via All Facebook comScore: In 2009 Facebook Doubled In Size.
Tag Archives: facebook
This table provides all of the links from my previous post in one place:
|1||Friend lists||Friends area||.|
|2||Facebook search||Search privacy settings||.|
|3||Google search||Search privacy settings||.|
|4||Photo Tagging||Profile privacy||See the section “Photos and Videos of Me”|
|5||Protect Your Albums||Photo privacy||.|
|6||Relationship Status||Profile privacy||change the “Family and Relationship” setting to “Only Me”|
|7||Applications||Applications privacy||When you play a game, create an event, etc. you use an application and share information with it. These settings can limit that sharing.
You probably don’t know (I didn’t) is that when your friends use applications, those applications also get to see your information.
|8||Contact information||Contact privacy settings||Who gets to see your email address, snail-mail address, phone numbers, IM name, etc.|
|9||Embarrassing wall posts||Profile page or Profile privacy||On the Profile page, click on the “Options” link directly under the publisher.|
|10||Friendship privacy||Profile page||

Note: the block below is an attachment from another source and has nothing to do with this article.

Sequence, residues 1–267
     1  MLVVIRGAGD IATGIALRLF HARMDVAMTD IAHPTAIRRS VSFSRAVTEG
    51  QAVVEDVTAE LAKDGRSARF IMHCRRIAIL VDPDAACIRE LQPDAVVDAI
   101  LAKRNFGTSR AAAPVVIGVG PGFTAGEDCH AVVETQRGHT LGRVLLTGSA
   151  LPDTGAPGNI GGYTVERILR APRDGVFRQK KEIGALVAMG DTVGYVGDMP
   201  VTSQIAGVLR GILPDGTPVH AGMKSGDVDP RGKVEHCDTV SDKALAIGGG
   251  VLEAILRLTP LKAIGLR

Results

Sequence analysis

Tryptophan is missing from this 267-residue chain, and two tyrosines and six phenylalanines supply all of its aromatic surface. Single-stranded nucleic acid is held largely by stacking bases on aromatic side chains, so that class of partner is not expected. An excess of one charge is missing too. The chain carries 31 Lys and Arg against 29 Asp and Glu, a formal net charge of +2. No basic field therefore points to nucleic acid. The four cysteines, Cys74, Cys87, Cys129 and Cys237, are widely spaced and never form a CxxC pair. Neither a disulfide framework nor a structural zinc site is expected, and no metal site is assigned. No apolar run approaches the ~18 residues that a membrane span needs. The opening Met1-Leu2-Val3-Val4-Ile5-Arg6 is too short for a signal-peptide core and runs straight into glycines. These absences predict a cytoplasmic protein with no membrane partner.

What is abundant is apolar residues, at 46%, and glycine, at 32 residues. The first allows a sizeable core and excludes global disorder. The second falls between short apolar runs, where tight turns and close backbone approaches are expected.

The ten settings in this article walk you through tailoring your Facebook privacy settings. I’d still like to see something even more simple, but so far this is the best.
via All Facebook 10 New Privacy Settings Every Facebook User Should Know.
The implications of Facebook’s recent privacy rollback will likely take months to reveal themselves. But it’s already clear they go beyond Mark Zuckerberg’s stash of intimate pics; we’re already starting to learn new things about Hollywood celebrities.
Take Angelina Jolie, for example: Did you know the sought-after actress has just 27 Facebook friends, and they’re almost all A-listers?
See the list and links to the celebs:
- Angelina Jolie
- Brad Pitt (aka Bradpitt Bp, via Angelina’s profile)
- Orlando Bloom
- Tom Hanks
- Robert DeNiro
- Sean Connery
- Julia Roberts
For most types of information on your profile, Facebook lets you select a level of disclosure. The following table summarizes the effects of each available option.
|Option||Who/What Can Access?|
|Any Facebook User||Any
|App You Run||App Your Friend Runs||Facebook or Bing Search|
|Friends and Networks||YES||YES*||YES||YES**|
|Friends of Friends||YES||YES||YES||YES**|
*: For privacy purposes, persons in your regional network are not considered part of your networks, and thus would not be able to view this content.
**: By default, this information is available. However, users can change their search privacy settings and application privacy settings to change the availability of this information.